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Literature - A Little of What It Is and A Little of What It Isn't

I titled this essay a little of what literature is and a little of what it isn't because I don't want to imply or suggest that I have all the answers to why we seek, read and sometimes write good literature. Or poor literature for that matter. All I want to write about in this essay is one small observation about literature that I had today and decided to share. It's up to you, the reader to decide if my observation was worth the time you took to read it. I hope you will think it was.

I like to read, and while I read all kinds of material, I do particularly like a good literary story, whether it's fiction or real life. That is, one that takes me into the mind and world of another writer. Something like Educated by Tara Westover for example. Or even a young adult novel like All the Bright Places by Jennifer Niven. I choose what I read not so much from The New York Times Book Review section, but a good part of the time by scouring what different book clubs are reading. That way I'm not just reading what a book reviewer says, but I'm reading something that has been in circulation for some period of time. Not only are there plenty of reviews on Amazon to peruse over such a pick, but it's a book that those who like to read have selected as worthy of their time and discussion.

Today I found such a book. It's written by an African American woman, Angie Thomas, and it is the fictional story of a young high school girl who is drawn to activism after witnessing the police shooting of a friend. On Amazon, the book, published at the start of 2017, has 3,376 customer reviews, 86% of which are five star reviews and another 8% gave the book four out of five possible stars. That is, 94% of over 3,000 readers rated it highly. The book has also received recognition from Goodreads Choice Awards Best of the Best, William C. Morris as an award winner, National Book Award Longlist and as a Coretta Scott King Honor Book. The book is also a number 1 New York Times bestseller.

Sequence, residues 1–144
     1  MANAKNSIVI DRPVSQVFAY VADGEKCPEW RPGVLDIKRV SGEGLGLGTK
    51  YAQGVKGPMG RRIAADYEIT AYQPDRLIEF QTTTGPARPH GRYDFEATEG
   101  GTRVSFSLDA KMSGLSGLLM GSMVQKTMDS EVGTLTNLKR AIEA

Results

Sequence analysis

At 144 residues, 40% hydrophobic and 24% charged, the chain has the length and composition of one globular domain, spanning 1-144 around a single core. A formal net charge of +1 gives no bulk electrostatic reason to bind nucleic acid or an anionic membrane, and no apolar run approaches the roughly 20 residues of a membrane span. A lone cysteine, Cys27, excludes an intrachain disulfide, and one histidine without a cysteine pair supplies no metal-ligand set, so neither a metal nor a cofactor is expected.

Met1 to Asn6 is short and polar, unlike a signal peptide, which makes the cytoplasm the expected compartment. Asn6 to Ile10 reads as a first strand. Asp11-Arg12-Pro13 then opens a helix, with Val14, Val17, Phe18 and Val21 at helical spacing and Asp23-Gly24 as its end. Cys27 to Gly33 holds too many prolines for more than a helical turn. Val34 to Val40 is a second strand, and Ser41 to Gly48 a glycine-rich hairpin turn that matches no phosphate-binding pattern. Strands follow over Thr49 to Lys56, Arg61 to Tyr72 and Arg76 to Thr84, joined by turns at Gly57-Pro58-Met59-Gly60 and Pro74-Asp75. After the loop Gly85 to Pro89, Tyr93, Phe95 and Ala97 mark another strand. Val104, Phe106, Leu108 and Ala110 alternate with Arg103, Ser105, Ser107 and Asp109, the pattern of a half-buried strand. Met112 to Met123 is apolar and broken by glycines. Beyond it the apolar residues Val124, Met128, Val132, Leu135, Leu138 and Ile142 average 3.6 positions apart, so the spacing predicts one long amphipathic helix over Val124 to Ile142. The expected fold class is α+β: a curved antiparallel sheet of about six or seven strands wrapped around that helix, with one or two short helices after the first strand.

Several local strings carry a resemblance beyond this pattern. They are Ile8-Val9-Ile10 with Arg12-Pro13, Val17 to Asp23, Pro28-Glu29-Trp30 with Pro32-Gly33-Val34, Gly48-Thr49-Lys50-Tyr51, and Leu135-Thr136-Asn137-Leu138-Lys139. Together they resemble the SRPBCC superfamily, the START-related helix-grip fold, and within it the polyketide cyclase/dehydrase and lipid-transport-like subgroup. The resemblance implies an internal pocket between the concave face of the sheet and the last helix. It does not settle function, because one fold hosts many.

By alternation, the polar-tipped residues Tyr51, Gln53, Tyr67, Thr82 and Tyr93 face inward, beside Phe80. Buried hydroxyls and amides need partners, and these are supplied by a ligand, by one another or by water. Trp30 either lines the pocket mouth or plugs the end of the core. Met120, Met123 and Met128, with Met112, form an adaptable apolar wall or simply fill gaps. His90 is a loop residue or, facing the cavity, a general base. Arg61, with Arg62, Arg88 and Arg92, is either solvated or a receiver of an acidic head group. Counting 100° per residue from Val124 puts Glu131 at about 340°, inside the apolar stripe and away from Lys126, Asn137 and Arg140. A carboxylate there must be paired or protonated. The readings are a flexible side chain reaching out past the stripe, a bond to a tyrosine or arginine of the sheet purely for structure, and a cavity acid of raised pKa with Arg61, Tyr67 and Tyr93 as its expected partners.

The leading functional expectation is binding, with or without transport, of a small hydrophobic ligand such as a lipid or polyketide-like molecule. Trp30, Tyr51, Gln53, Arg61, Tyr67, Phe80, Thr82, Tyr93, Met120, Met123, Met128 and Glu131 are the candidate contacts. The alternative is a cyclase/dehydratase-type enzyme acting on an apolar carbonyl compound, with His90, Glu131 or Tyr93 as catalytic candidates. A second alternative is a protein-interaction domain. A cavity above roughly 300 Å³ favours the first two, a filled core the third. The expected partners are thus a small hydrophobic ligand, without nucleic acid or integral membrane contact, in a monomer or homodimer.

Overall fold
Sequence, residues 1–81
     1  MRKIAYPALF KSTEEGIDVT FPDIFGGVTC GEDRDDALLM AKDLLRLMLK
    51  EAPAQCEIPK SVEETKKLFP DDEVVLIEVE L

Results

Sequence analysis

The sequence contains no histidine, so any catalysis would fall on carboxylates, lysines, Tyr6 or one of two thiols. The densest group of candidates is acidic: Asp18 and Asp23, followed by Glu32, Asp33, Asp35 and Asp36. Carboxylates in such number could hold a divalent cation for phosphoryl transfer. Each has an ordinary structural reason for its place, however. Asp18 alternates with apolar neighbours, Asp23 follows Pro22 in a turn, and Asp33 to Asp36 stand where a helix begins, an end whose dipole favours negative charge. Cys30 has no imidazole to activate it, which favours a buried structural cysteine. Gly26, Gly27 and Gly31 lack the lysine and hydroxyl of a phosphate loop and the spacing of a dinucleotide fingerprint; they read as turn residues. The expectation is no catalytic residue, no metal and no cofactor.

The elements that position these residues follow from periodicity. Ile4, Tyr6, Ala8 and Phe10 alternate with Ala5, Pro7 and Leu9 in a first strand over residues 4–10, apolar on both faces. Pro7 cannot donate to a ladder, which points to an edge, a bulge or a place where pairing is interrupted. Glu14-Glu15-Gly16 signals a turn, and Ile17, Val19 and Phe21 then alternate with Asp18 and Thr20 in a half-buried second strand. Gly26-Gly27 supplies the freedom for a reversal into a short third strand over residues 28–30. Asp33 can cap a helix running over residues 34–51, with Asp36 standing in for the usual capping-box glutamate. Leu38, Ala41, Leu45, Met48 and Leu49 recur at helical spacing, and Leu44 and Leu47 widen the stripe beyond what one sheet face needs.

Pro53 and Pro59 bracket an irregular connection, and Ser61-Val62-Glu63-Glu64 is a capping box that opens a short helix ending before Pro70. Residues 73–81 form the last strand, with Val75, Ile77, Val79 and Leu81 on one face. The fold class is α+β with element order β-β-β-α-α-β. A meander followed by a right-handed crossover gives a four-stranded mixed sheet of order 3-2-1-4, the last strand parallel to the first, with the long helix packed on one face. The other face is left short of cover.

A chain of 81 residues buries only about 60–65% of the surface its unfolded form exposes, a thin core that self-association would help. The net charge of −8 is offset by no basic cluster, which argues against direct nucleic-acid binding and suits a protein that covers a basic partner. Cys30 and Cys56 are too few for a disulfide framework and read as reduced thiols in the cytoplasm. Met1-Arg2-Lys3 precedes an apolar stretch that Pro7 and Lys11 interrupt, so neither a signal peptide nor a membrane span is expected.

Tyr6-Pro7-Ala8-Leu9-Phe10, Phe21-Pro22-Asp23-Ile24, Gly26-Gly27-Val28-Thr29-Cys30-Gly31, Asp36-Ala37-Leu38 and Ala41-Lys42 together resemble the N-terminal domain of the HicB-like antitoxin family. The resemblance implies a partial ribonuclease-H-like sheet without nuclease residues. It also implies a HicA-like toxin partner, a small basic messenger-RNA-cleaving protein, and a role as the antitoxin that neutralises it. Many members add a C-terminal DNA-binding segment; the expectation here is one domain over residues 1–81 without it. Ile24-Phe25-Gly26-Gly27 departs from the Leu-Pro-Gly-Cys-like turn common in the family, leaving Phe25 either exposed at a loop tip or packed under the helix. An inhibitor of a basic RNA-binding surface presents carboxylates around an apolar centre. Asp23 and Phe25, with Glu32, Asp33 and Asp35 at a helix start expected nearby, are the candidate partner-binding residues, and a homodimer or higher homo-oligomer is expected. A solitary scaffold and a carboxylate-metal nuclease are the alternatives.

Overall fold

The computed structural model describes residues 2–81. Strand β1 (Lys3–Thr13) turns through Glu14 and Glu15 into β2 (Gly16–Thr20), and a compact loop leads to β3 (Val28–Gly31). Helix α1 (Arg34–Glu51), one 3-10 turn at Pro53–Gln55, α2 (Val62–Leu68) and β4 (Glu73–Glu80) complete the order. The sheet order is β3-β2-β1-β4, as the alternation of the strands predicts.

It sounds like a book I may want to read so I ordered it. But I'm also always interested in reviews that are negative. So I read a few of those as well, and my takeaway from doing so was that some readers thought that the author only presented one side of the story. One reviewer in particular went so far as to give a detailed argument for why the police did what they did. I understand that. I get that there is more than one side of the story.

But I think it shows a misunderstanding of what a novel is. Or a poem. Or a short story. Or any kind of fictional literature. I don't believe that the reason we read fiction is to get an unbiased presentation of all sides of an argument. So, when I say "a little of what literature isn't," that's what I mean. That is the role of the journalist. The journalist is supposed to tell us the who, what, where, when, why and how of an event in an unbiased way. The journalist doesn't always do that, but it's what they are taught to do. And the journalist may write a newspaper article or an online article, or the journalist may write a book or anything in between.

I don't believe that's the job of the novelist though. When I read a novel or a short story or a poem, I am looking to get into the mind and the world of the protaganist or the writer. It's not to understand the motives and actions in an unbiased way of every character who makes an appearance in the literature. It's not to decide what is right or wrong about a particular situation such as a police shooting. Rather, it's to understand how the main character understood the situation in context with her surroundings and upbringing and understanding of the world.

In doing so, it creates a certain amount of empathy for others. I may not agree with their reasoning or how the writer sees a particular event, but I come to some understanding of why that character has chosen to act in the way she has. In today's fractured world, I think we need more understanding and empathy. Therefore, I would logically argue that we need more literature, more novels, more short stories, more poetry.

As readers, I would argue that we should seek to find literature that presents different cultures, characters that are not like us and differing views than ours. To achieve empathy and understanding of others and a broader view of the world, we need to read that which makes us uncomfortable. Reading an unbiased view, or worse yet a story that confirms our own biases, only tends to cement our biases and it doesn't help us to grow. And when we as individuals don't grow, then we also don't grow as a society. We become close minded. We become the hate we give.

J Lanning Smith
April 28, 2019